Shopping Cart - $0.00

You have no items in your shopping cart.

 

heartpea

Every year we happily donate bulk seed and thousands of packets to local organizations and those around the country who are doing great work and rely upon donations to keep their gardens growing. About the most satisfying thing to do is to fill a box with seeds and send it on its way! Many of these organizations are working with kids in school gardens, veterans, immigrants, and those among us who may have otherwise fallen through the cracks. We’d like to think that reconnecting individuals with place, reinvigorating a sense of purpose and wonder, and the plain fun of watching a plant grow  and then eating it can start with one small seed. You can learn more about the great organizations we donate to by following the links to find how you can contribute or simply marvel at all the good things happening in your community!

-2017 DONATIONS-

_________________________________

-2017 Donations are now complete-

  1. Whatcom School Garden Collective: Whatcom County, WA.  A new project of 19 school gardens spearheaded by the good folks at Common Threads Farm.
  2. Local Food Works: Whatcom County, WA.  Distributing baskets of seeds and supplies to encourage families in the foothills area to grow their own gardens as well as share their bounty with local food distribution centers.
  3. Bellingham Food Bank: Bellingham, WA- BFB Garden project builds raised gardens with participants eligible for food assistance and provides seeds, starts, and a garden mentor to get folks growing and eating their own vegies! The Food Bank also has a progressive local food program partnering with local growers to contract for high quality fresh organic produce.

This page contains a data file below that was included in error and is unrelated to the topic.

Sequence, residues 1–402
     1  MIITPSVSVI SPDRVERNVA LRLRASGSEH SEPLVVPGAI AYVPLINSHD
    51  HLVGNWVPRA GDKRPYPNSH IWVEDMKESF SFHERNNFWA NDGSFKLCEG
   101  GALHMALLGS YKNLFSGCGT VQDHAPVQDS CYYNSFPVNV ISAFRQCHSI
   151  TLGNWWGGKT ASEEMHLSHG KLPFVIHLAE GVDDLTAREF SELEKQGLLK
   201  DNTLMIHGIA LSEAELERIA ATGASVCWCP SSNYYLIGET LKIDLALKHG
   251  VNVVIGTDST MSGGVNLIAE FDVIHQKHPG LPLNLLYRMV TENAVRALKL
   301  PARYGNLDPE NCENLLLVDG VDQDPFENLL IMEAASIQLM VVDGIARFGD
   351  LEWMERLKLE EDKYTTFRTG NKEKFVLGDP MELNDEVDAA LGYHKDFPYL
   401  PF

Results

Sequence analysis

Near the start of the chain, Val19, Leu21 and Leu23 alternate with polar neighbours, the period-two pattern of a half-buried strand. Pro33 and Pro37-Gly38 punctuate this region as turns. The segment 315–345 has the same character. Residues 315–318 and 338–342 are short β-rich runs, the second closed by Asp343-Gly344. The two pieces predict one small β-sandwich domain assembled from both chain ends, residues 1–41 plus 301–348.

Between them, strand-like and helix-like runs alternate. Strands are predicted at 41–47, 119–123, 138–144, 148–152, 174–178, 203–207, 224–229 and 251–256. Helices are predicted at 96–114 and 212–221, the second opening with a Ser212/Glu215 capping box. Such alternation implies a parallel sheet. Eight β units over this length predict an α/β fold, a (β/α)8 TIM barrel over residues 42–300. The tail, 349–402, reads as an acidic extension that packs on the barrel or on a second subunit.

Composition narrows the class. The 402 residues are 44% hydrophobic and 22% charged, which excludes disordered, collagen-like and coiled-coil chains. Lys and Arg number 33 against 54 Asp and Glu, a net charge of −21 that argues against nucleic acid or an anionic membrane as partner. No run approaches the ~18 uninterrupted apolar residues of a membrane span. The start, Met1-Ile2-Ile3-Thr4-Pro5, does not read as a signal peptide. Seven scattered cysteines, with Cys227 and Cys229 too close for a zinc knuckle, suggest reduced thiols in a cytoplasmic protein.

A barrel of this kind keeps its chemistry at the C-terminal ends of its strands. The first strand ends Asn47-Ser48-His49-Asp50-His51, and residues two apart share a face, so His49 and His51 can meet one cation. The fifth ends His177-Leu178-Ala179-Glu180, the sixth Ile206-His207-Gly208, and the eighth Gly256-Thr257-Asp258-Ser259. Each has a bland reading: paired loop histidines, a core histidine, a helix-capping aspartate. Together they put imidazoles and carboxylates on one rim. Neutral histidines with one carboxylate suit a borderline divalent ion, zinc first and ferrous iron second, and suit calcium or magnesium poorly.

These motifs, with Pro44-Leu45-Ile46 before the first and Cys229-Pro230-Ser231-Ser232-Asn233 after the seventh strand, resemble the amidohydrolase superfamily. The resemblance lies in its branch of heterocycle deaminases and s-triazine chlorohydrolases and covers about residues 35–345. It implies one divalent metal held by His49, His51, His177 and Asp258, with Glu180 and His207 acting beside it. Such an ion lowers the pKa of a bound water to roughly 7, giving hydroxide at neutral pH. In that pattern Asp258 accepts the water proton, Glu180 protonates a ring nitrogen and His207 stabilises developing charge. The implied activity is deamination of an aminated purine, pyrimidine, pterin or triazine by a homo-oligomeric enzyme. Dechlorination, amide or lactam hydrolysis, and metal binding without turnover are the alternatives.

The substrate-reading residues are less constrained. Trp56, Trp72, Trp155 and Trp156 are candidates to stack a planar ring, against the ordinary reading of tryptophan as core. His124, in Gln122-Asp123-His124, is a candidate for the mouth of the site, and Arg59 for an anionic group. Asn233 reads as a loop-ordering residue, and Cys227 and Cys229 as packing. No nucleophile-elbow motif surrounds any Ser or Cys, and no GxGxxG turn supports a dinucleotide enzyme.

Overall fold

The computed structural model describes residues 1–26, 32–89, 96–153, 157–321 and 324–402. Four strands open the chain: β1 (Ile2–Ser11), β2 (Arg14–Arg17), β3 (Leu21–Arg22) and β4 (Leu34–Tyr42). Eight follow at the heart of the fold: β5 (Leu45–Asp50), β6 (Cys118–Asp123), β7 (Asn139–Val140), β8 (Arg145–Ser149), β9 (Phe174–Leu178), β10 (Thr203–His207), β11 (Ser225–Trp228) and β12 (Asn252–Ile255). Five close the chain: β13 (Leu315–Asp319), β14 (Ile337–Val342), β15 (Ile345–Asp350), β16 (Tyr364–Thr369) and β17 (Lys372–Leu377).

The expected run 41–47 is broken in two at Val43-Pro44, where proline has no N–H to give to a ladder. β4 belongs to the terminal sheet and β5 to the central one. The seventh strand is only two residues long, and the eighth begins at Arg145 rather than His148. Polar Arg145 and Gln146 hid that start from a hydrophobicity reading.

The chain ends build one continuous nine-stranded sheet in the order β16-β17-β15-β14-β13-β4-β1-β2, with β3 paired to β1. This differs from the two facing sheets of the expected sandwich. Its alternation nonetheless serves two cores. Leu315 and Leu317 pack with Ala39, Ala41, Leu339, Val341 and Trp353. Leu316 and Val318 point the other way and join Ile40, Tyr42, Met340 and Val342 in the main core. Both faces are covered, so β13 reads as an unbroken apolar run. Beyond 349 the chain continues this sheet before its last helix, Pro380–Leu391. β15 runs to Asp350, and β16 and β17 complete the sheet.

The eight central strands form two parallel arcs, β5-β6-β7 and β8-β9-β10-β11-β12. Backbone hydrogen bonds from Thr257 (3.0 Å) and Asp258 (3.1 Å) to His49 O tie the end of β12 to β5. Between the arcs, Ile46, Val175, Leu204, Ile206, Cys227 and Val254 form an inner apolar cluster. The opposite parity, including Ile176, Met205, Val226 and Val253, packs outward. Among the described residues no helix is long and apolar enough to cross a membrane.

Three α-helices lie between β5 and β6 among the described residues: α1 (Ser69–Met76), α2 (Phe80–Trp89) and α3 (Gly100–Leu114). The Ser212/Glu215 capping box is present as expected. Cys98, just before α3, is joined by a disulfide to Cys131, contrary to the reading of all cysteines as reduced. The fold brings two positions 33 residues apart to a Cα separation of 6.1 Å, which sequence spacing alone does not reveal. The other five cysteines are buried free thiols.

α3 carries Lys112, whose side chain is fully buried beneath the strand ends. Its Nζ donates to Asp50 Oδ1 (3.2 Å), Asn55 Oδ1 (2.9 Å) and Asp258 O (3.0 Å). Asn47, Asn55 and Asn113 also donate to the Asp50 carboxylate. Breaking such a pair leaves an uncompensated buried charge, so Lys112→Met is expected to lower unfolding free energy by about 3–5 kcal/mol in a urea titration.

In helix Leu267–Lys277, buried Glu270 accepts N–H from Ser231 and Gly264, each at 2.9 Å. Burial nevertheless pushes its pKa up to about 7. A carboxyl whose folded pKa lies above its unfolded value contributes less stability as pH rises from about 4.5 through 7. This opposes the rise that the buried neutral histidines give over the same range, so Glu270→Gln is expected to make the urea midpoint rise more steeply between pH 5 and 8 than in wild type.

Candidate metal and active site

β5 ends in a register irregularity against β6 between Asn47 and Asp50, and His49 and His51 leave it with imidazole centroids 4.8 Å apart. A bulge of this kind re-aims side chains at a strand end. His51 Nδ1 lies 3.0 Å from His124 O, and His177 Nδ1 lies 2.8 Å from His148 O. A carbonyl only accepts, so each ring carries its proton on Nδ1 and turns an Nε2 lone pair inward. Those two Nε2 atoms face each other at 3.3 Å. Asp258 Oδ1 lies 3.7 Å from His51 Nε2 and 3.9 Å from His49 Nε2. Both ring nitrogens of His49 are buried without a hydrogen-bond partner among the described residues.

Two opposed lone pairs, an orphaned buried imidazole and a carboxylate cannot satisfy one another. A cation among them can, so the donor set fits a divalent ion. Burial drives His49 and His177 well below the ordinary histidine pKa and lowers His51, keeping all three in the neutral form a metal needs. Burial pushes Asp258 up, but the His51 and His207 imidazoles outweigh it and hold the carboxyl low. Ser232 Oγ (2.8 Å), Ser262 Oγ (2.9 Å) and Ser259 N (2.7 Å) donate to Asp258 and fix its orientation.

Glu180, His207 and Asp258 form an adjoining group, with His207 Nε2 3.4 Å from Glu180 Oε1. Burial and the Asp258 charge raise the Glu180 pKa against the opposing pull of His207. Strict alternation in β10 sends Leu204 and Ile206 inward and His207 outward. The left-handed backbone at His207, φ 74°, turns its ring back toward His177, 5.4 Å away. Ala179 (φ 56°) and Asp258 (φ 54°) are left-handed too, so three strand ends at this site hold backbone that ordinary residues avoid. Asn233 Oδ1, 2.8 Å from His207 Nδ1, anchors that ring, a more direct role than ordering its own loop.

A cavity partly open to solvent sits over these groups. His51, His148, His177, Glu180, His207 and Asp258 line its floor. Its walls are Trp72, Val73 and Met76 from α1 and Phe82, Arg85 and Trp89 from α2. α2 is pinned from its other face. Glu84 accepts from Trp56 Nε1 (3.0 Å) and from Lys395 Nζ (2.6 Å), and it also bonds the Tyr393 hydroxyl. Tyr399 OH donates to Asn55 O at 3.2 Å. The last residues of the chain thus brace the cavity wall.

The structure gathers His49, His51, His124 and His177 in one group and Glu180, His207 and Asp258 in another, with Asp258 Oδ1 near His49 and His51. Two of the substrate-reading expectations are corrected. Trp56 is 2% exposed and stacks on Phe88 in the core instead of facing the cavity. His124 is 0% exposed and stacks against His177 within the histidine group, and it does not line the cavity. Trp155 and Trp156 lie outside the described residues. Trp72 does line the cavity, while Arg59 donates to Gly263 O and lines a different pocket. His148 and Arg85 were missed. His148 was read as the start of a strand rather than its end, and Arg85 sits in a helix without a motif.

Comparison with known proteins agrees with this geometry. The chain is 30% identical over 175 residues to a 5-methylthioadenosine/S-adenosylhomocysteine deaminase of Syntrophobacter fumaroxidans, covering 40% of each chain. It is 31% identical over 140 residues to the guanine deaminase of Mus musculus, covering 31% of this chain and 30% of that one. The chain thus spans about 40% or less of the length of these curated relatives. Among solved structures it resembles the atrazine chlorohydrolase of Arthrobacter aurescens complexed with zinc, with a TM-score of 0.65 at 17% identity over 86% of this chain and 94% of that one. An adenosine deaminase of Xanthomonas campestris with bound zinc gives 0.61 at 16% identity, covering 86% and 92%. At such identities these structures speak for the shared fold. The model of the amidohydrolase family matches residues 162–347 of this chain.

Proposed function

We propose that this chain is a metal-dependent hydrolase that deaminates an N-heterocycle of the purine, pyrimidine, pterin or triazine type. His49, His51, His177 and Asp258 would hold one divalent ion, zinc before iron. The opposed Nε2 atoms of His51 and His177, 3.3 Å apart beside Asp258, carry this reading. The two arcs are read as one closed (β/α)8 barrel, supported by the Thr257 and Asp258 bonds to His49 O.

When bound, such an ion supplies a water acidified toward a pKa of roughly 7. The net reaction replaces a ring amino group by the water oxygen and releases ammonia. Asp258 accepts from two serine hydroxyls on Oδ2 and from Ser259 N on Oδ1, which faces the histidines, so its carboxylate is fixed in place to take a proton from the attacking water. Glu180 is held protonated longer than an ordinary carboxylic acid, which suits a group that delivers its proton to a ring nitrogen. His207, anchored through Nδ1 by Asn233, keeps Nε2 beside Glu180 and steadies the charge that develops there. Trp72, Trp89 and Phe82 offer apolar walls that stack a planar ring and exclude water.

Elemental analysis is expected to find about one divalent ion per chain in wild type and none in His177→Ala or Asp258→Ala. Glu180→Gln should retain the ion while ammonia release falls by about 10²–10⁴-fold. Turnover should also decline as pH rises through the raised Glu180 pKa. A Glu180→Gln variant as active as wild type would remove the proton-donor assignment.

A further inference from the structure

4. Community to Community Development: Bellingham, WA: Bellingham based ecofeminist and social justice organization led by women of color whose knowledge comes from real life experiences. Their work is focused on, "creating movement towards the creation of communities that: empower under-represented peoples to have an equal voice in decision making processes that affect their lives; develop and strengthen cross cultural awareness; restore justice to our food, land and cultural practices, promote community relationships towards self reliance and stand in solidarity with organizations working for human and civil rights.
  5. Anacortes Community Gardens: An organization that collects seeds to distribute to community and school gardens in Anacortes, Skagit Valley, and Fidalgo Island.
  6. Seattle PPatch
  7. Ferndale friendship community garden: Gloria Perez: Ferndale, WA: A community garden that grows food for the food bank and also has 25 family plots and a hoop house so famiies can grow their own food. 
  8. Pierce Conservation Distric, Share the HarvestProgram, Puyallup, WA
  9. Beacon Hill Food Forest: Seattle, WA. Beacon Food Forest is a public permaculture project which promotes food justice by sharing organically grown food and empowering information. Currently a 2.75-acre permaculture food forest and annual giving garden, located on public land in the heart of urban Seattle, they feed and teach thousands of visitors and neighbors every year, and host educational events which promote sustainability, empowering community, art, and good food. Their annual giving garden is in the shape of a huge double-helix - a strand of DNA - to remind us that we are all in this together. It is planted and maintained by volunteers and open to the public to glean from during the growing season; it is also harvested for the local food bank and there are "Free Food" giveaway days when many locals come to get bag of fresh vegetables.  Located in close proximity to low-income housing, many visitors to the food forest are new immigrants with not many resources. Some of them are very hungry because they do not have the paperwork necessary to get food stamps or visit a food bank.  A wide variety of food and medicine that are culturally appropriate are planted here, and traditional farming techniques from all over the world are shared.